A Synthetic Man in Altermodern Times
(This text is previously published in the Norwegian art magazine Kunstforum, issue 4/ 2012.)
The École Nationale Supérieure des Beaux-Arts (Ensba) in Paris is among the oldest art academies in the world. Founded in 1648 and situated by the Seine, just across from the Louvre, it has been a centre for the development of fine arts for centuries. In November of last year, curator and art theorist Nicolas Bourriaud (b. 1965) was appointed director of the school by Frédéric Mitterrand, the French minister of culture.
As I approach Ensba, a workshop is taking place in one of the courtyards. The students are working with clay, building sculptures on the ground. I don’t pay much attention to what’s going on there, as I’m heading for the office of Nicolas Bourriaud.
‘Did you notice the workshop outside?’ he asks, after we’ve sat down in his office.
‘That is a workshop taught by Urs Fischer. I’ve only been here 8 months and I’ve already started to make several changes and one of the projects I have going is that we invite an artist to work here and do what he or she wants for a year. I’m introducing more flexibility in teaching,’ he explains, as he opens a window and lights a cigar.
Bourriaud has the serious face of a French intellectual, but he is charming and his manner welcoming. He is eager to tell me more about his plans for the art school:
‘One of our goals is to reformat what an art school is. It’s taken from the DNA of Ensba because from an early stage in 17th century, and until the end of 19th century, the pedagogical aspect was based on observation of the artwork. But I’m twisting it another way – it’s not imitation, it’s how you can take advantage of the frequentation artists and art works to invent. That’s the challenge.’
But he has more projects going on:
‘We’re projecting our school into the outside world. For example, we are going to totally transform the building of the newspaper Liberation into a kind of museum only with our students and ex-students. It will be a kind of school project but highly visible and that’s the way I want to work.’
‘To make a long story short, I’d say that I try to reverse the relationship between the students and art. I want to build an art school that really corresponds with our times: an art center operating by pedagogy.’
«I want to build an art school that really corresponds with our times: an art center operating by pedagogy.»Nicolas Bourriaud
The perfect place for synthesis
He is also opening a new exhibition space:
‘Next year, the Palais des Beaux Arts will open with a very specific programme that also reflects the DNA of this place. It’s going to be “google-curating”, in a way. Based on one key word we’ll have four different exhibitions, to examine that one word from four different perspectives.’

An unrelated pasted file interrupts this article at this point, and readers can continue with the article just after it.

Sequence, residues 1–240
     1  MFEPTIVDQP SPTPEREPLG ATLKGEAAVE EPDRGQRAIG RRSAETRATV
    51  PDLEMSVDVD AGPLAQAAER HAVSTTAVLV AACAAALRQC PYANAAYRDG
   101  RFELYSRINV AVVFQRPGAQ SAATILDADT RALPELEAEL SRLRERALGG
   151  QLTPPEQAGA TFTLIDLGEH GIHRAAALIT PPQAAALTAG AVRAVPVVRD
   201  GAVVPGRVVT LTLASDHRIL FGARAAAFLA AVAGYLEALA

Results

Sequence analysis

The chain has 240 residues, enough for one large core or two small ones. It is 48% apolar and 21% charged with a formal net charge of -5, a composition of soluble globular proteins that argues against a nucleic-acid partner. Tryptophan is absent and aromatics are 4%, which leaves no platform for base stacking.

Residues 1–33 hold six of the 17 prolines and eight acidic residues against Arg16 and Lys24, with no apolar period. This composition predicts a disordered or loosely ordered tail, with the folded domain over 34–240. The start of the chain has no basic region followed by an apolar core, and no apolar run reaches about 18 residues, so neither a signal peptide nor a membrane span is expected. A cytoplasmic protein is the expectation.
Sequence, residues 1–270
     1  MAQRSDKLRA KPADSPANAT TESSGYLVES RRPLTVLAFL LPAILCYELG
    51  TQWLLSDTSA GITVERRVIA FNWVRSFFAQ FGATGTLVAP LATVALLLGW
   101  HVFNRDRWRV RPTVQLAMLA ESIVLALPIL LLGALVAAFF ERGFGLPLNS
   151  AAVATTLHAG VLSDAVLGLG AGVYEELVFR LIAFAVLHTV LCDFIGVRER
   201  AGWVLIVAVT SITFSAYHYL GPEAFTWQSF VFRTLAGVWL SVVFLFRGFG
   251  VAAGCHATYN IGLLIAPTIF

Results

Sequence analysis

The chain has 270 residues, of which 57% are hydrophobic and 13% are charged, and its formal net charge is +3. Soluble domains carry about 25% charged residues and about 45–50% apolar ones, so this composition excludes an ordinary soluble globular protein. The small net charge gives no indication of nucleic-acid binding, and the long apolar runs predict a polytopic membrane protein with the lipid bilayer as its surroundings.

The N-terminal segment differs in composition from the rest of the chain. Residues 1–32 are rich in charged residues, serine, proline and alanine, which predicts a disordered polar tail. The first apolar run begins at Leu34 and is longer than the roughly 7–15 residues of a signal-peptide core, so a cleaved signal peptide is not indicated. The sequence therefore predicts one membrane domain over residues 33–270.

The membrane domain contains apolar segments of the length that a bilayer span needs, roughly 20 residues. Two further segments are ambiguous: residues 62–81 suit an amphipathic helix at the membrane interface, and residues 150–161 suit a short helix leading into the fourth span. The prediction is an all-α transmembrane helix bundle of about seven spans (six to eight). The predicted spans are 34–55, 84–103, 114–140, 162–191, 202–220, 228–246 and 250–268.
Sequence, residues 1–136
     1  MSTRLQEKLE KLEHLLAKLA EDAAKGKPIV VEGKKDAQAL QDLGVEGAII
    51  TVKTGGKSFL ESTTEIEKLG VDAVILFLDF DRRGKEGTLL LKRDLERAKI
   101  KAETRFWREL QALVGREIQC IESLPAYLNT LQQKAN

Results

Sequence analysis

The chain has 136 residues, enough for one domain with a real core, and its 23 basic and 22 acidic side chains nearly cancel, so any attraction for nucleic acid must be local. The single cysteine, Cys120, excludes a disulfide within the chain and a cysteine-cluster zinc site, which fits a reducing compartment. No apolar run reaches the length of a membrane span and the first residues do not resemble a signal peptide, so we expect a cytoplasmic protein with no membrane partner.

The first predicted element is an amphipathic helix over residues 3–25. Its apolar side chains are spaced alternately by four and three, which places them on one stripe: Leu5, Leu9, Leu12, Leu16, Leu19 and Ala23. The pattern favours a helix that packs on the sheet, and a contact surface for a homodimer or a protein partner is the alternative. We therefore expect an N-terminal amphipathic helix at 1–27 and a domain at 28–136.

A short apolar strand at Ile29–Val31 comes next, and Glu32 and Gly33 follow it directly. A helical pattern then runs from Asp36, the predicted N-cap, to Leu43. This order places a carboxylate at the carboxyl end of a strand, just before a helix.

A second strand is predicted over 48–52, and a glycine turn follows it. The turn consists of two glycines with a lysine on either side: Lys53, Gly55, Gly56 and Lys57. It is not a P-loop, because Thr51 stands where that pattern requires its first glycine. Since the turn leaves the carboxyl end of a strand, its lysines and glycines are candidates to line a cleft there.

And he is clearly content with his new job.
‘At this time of my life, this is the perfect place for me to be: there is pedagogy, exhibitions, print and collections of thought, all in the same place. And those are three of my biggest interests in life.’
He’s talking about the synthesis of his three main interests: teaching, curating, and writing. Synthesis seems to be an important word in Bourriaud’s vocabulary:
‘I think the essays and books I’ve written are synthetic. Everybody wants to be analytic, but it’s important to have both. At some point we have to freeze the image and say, “Well, what did we see? Let’s move this and that around so we can understand a bit more.” We have to transform reality a bit in a way to achieve the proper synthesis, cut some aspects that are not so important.’
‘Synthesis’ refers to a combination of two or more entities that together form something new. In a concept ascribed to the German philosopher Hegel, synthesis solves the conflict between a thesis and its negation, or antithesis, by reconciling their common truths, and forming a new proposition. That could easily be applied to Bourriaud’s theories, which seem to develop as a synthesis of doing and thinking, curating and writing. And now pedagogy.
«It would, of course, be wrong and pretentious to say that relations didn’t exist in art before, but these artists at the beginning of the 90s brought them to the fore, and that was totally new»Nicolas Bourriaud
Between action and reflection
It started when Bourriaud was eleven and he received a book about French artist Paul Gauguin (1848–1903). That was the first time he became intrigued by the world of art. Gauguin was an influential artist in the French avant-garde and considered part of the Synthetism movement (a term Gaugin himself used to distinguish his work from the Impressionists). To Bourriaud Gauguin
is still an important influence, and considering Bourriaud’s interest in synthesis, globalism, and modernism, that should come as no surprise.
Another important moment in the life of the young Bourriaud came when he discovered a book on the life and times of Marchel Duchamp. The character Duchamp and the Dadaist movement made a huge impact on him. Some years later, art critic and cultural philosopher Pierre Restany was to be another character that inspired him deeply:
‘I remember coming back from a trip to London in ‘83 and going to visit an exhibition by Yves Klein at the Centre Pompidou. I bought the catalogue and was really fascinated by this strange guy who was situated in between words and images, action and reflection, theory and organisation. I thought: “That’s exactly what I want to do!”’ Bourriaud says, snapping his fingers.